Speech by ADB Vice PresidentXiaoyu Zhao,  at the High Level Meeting on Disaster Risk Reduction: Helping Developing Asia Reduce Disaster Risk on April 15, 2011 in Washington DC, USA


I feel privileged to represent the Asian Development Bank (ADB) here at this important Meeting on Disaster Risk Reduction, and to have the opportunity to present ADB's involvement in integrating disaster reduction into rehabilitation and reconstruction activities.

This event could not be more timely, given the devastating earthquake and tsunami in Japan last month, and the country's continuing struggle in its aftermath. Let me therefore begin by expressing, on behalf of all of us at ADB, our deepest sympathies to the Government and people of Japan, and in particular those most directly affected by the disaster. We also wish to express our best wishes and encouragement to the people of Christchurch, New Zealand, as they set about rebuilding their lives and their city following the devastating earthquake in February this year.

There are several lessons we can all learn from these tragedies. Let me mention four. The first is that disasters do not "go by the book" – we must expect the unexpected, and we must make sure our contingency plans are flexible and comprehensive. A second is that investments in disaster preparedness pay off – early warning systems, evacuation planning and rehearsals are life-savers. A third is that investments in disaster risk reduction in risk-sensitive areas are an essential component of land-use planning and management. And a fourth lesson is that mutual aid plays a critical role by linking community needs with surrounding community resources. Both the Japanese and New Zealand disasters remind us that addressing the compound effects of disasters is still a significant challenge even in countries that are at the top of the disaster risk reduction 'league'.

For those of us who live in Asia and the Pacific, recent disasters, and the countless others that have occurred in the region, are shocking reminders of how vital disaster risk management is – not only for government systems at all levels, but also for civil society, private enterprises, and – most important of all – for each and every citizen.

Natural disasters have a particularly severe impact on the most vulnerable people in developing countries, and on development initiatives. On average, Asian countries suffer approximately 158 separate disaster events a year, affecting more than 200 million people, and causing over $40 billion dollars in damages. The economic costs of disasters in these countries are typically twenty times those of developed countries. Less than 5% of disaster losses in developing Asia are insured, compared to 40% in developed countries. Since developing countries rarely have the capacity to absorb the remaining 95%, these uninsured costs are passed on to the international financial community. While these figures are averages, the latest figures from Swiss Re indicates that in 2010 Asia suffered economic losses of $75 billion, which is about one-third the total economic losses of $218 billion from disasters worldwide.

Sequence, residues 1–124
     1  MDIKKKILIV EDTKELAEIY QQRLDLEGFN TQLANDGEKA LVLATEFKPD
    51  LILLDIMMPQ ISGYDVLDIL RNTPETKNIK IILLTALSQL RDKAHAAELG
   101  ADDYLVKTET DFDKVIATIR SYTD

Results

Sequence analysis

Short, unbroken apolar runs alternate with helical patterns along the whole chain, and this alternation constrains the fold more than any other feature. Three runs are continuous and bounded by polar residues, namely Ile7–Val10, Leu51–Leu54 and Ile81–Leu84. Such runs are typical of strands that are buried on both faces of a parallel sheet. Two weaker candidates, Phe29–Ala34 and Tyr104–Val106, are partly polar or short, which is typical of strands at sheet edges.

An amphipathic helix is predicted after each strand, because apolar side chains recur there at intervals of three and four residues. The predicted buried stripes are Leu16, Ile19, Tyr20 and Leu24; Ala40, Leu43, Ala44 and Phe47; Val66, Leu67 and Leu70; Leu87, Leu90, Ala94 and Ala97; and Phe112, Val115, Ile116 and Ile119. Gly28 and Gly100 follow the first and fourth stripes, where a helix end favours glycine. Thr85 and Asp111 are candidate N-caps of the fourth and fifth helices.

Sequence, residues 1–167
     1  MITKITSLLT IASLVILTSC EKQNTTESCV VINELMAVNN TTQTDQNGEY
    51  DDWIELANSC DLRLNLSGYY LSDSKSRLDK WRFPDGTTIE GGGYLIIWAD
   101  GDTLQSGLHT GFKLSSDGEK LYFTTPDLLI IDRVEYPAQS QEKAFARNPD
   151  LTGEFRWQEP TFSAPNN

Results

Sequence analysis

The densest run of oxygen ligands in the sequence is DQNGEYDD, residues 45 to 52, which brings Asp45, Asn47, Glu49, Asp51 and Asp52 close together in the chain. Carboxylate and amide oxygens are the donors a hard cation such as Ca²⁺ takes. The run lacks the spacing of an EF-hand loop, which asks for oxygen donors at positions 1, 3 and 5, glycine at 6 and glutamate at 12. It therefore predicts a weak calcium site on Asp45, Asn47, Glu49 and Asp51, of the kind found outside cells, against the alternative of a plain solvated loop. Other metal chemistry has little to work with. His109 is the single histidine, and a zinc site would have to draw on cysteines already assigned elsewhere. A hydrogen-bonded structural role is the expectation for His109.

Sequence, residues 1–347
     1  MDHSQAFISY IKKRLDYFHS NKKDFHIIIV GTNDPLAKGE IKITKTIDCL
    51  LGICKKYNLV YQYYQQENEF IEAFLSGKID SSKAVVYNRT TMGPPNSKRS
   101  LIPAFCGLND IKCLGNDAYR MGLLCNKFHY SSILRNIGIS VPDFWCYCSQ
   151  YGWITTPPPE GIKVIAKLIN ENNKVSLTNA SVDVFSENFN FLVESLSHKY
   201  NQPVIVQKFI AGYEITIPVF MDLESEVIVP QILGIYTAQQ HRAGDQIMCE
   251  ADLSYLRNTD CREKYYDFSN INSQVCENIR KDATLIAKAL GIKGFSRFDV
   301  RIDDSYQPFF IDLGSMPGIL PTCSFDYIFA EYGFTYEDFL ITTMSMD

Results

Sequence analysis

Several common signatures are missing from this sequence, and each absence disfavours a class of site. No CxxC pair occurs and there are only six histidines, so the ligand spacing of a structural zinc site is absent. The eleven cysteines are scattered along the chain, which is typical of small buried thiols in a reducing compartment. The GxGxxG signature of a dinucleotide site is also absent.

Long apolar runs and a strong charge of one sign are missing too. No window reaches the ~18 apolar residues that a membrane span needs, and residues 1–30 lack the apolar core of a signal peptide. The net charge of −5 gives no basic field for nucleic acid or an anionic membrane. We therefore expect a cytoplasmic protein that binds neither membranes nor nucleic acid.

Disasters significantly disrupt the development plans of affected countries, driving back hard-earned development gains. Obviously, the impact of natural disasters is greater in countries with inadequate prevention, preparedness, risk reduction, and response capacities. These governments, along with development partners like ADB, thus face diverting development funds to replace lost social and economic infrastructure.

Two clear messages have emerged from the continuing impact of disasters in Asia and the Pacific. The first is that no-one, and certainly no government, can afford to be complacent. It is a fundamental role of government to protect its citizens. This means that government has to put into place the policies, procedures and practices needed to identify and manage societal risks, including the risk of natural disasters. The second message is that even though many of us are currently preoccupied about the consequences of climate variability, we must not forget to place our disaster programs within an "all-hazards" framework, because destructive geophysical forces continue to shape our physical and social world.

In 1987, ADB became the first multinational development bank to have a dedicated disaster policy. Our Disaster and Emergency Assistance policy is based on the premise that "hazards need not lead to disasters". The policy promotes an Integrated Disaster Risk Management approach that combines disaster risk reduction, elements of climate change adaptation, and disaster risk financing to support member countries in developing their disaster risk management capacities.

For more than two decades, ADB has been engaged in at least one environmental, health, natural hazard, or conflict emergency project every month – spending almost $10 billion in disaster-related assistance. Just over 40% of this has been on disaster risk reduction activities.